Catastrophizing is the process of making negative interpretations about the future or the present. It’s a mental filter that focuses on the negative aspects of a situation and ignores the positive ones. For example, if you fail an exam, you might catastrophize by thinking: “I’m never going to get into college.” This can lead to depression because it creates an illusion of hopelessness in regards to your goal (getting into college). Luckily there are ways to combat this thinking error!


Overgeneralizing is when you take a single negative event, and believe it will always be true. For example, if you have a bad day at work and get yelled at by your boss, you might think to yourself: “I’m just not cut out for this job.” Or if someone rejects your romantic advances, it may seem like they’re rejecting all of who you are as a person. Overgeneralization can lead us down the road of self-doubt and negative thinking–and it’s something that many people do unintentionally without even realizing it! In order to avoid overgeneralizing in your life (and allow yourself room for growth), try asking yourself these questions when faced with an event: Is this situation really unique? Am I making assumptions about what other people think about me based on one incident or interaction?


Labeling is a thinking error where you attach a label to someone or something. The label is often negative, and it can be applied to yourself or others. Labels are often used in situations where there isn’t enough information available for us to understand what happened or why things occurred the way they did: “He’s lazy,” “She’s annoying,” “That car was stupid.” The problem with labeling is that it causes us to jump to conclusions about people and situations without really understanding what’s going on behind the scenes–and this can have serious consequences for your health, relationships, and career (especially if those labels are attached onto yourself). For example: If I call myself “lazy” because I don’t want to do something today but tomorrow I’ll feel motivated; then what happens when tomorrow comes around? Am I still lazy?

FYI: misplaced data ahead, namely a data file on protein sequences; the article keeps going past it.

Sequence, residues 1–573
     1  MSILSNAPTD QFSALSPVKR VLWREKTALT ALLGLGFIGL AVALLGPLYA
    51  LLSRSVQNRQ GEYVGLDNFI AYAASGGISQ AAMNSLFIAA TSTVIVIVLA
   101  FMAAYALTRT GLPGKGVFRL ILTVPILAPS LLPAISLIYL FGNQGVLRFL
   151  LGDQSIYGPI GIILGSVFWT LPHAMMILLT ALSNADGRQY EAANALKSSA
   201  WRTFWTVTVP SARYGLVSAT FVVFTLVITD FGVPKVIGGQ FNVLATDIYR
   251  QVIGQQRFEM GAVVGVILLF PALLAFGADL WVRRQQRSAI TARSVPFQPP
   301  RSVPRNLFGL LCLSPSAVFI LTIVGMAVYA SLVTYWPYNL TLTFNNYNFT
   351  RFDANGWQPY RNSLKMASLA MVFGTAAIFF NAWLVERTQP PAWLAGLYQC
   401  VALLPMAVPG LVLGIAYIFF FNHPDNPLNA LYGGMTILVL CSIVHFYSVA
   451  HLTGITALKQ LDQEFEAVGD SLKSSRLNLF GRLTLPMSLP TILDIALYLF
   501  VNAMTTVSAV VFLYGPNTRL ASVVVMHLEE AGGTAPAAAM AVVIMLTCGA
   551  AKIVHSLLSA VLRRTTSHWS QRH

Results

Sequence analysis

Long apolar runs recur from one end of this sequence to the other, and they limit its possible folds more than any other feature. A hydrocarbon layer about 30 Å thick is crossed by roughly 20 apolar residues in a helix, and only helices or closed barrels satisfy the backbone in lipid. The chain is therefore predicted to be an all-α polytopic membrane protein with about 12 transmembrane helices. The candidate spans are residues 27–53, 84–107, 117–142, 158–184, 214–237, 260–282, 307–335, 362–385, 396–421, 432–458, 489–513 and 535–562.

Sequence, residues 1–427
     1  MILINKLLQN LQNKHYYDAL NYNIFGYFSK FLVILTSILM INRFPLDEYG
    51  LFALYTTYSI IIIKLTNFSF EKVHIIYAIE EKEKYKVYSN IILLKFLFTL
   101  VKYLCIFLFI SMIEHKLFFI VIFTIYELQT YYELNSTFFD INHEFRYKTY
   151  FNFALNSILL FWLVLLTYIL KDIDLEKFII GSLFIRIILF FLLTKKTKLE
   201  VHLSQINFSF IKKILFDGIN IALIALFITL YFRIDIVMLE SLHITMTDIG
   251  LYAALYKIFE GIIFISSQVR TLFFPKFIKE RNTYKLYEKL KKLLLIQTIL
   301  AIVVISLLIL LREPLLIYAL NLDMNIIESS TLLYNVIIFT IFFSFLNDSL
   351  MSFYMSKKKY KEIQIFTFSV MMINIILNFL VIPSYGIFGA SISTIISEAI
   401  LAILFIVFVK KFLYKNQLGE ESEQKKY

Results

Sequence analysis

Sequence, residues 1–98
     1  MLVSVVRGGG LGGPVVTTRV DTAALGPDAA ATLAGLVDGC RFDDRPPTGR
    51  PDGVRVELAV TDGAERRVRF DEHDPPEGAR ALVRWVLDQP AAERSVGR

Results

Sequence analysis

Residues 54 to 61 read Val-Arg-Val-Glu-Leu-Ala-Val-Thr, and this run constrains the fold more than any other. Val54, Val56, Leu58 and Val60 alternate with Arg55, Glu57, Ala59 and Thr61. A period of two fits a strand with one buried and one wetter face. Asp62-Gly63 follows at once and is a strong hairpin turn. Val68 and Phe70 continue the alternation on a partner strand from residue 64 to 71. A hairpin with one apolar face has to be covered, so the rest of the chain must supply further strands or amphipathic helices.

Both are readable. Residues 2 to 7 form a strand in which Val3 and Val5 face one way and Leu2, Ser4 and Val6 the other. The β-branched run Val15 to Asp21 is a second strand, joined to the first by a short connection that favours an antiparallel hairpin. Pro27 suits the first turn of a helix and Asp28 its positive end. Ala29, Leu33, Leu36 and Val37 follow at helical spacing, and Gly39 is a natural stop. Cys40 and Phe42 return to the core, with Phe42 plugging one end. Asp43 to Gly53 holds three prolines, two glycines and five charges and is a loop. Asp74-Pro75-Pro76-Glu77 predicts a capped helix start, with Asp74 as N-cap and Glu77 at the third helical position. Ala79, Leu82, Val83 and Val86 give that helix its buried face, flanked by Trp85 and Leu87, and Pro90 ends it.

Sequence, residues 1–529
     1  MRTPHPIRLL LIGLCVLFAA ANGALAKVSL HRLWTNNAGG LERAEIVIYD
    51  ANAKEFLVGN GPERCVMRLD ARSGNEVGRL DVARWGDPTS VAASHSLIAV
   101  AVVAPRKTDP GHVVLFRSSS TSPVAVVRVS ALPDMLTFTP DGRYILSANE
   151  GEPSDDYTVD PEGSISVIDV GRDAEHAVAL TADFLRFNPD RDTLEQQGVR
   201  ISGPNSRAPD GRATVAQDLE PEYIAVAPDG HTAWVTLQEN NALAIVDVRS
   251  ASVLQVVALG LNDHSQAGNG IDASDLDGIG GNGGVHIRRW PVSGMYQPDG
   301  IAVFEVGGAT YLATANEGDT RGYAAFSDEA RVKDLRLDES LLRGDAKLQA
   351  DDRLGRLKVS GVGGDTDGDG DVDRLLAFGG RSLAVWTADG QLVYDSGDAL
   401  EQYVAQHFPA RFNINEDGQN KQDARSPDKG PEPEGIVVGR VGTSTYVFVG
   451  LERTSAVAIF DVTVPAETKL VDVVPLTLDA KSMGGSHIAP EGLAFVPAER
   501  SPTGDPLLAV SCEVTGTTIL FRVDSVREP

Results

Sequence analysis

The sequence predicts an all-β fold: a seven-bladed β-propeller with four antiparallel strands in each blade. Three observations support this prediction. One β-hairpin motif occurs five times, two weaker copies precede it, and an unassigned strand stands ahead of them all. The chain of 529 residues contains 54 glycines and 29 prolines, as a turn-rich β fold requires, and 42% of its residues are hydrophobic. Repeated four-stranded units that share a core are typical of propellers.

Shoulding and Musting

Shoulding and musting are cognitive distortions that cause you to feel guilty, anxious or angry about something that you cannot control. For example: “I should have done better in school” or “I must do well on this exam.” These types of thoughts are not helpful because they make you feel like your life is out of control or at risk of failing. This can lead to stress and anxiety, which can then lead to depression if left untreated.

Emotional Reasoning

Emotional reasoning is when you believe something is true because you feel it is true, not because there are any facts or evidence to support it. For example: “I feel like my boyfriend doesn’t love me anymore so he must be cheating on me.”

These thinking errors can be very destructive to your mental health, but they are also very common. Most people make these mistakes without even realizing it! The good news is that there are ways you can work on overcoming these cognitive distortions. The first step is identifying them in yourself and then working on changing the way you think about things in order to avoid them. As we said earlier: don’t try too hard or get frustrated if it takes time – just keep practicing until your brain gets used to these new patterns!